A Pakistani primary school for girls was destroyed Monday in the country's Khyber district, near Peshawar, which is in the western region bordering Afghanistan. No one was injured in the bombing, but reports indicate that explosives planted and detonated around the building destroyed all five school rooms. According to the Daily Mail, at least 4 girls' schools and 6 schools total have been destroyed in the Khyber region, which is the main land bridge between Pakistan and Afghanistan.
Rahim Gul Khattak, a senior Pakistani government official, told the Agence France Presse, "They are Taliban. They are the same people who do not want children to get an education."
In Taliban-controlled areas of Afghanistan and Pakistan, violence against schools that educate girls has been part of campaigns against the education of women. In Pakistan's Swat Valley, more than 130 primarily all girl schools have been destroyed in the past year, allegedly by the Taliban. In total, hundreds of schools have been destroyed in Pakistan's northwest region over the past several years. During the Taliban regime in Afghanistan, which lasted until 2001, Afghan girls were forbidden to attend school. To date, approximately 1,000 girls' or co-educational schools have been bombed or burned in Afghanistan. Attacks on girls' schools in Pakistan have increased in recent months.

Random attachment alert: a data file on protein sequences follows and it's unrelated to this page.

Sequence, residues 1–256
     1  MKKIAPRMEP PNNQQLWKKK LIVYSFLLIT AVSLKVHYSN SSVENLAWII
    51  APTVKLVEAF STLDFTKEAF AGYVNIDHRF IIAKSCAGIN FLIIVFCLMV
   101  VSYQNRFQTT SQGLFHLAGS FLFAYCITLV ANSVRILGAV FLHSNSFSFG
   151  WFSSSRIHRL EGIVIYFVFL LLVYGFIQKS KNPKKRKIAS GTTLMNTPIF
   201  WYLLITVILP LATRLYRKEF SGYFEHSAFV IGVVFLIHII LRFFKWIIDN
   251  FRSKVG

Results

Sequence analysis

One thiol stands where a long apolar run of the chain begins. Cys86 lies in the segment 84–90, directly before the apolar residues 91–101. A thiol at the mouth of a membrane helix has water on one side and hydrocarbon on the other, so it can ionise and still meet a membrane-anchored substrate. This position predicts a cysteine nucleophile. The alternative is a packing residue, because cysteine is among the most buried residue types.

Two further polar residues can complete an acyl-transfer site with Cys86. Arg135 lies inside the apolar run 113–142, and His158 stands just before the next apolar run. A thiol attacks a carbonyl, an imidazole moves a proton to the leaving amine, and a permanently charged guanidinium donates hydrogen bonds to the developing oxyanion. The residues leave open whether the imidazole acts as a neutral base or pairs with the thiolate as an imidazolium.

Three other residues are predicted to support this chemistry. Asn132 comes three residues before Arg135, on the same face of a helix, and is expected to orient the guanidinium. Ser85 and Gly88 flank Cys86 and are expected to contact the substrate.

Media Resources: Agence France Presse 12/15/09; Daily Mail 12/15/09; Press TV 12/14/09; Feminist Daily Newswire 11/17/09
The following is a statement by our Founder and President, Eleanor Smeal, on the events in Ferguson, Missouri.
The Feminist Majority Foundation calls for the appointment of a special prosecutor to conduct a thorough, unbiased investigation into the shooting death of unarmed African-American teenager Michael Brown by Ferguson, Missouri police officer Darren Wilson.
The killing of Michael Brown and the blundered, militarized response by law enforcement to the call for justice is a tragic reminder that in many African American communities across the nation, the police themselves can be a threat.
Given the distrust of the police by the local African American community, the close ties between the St. . . .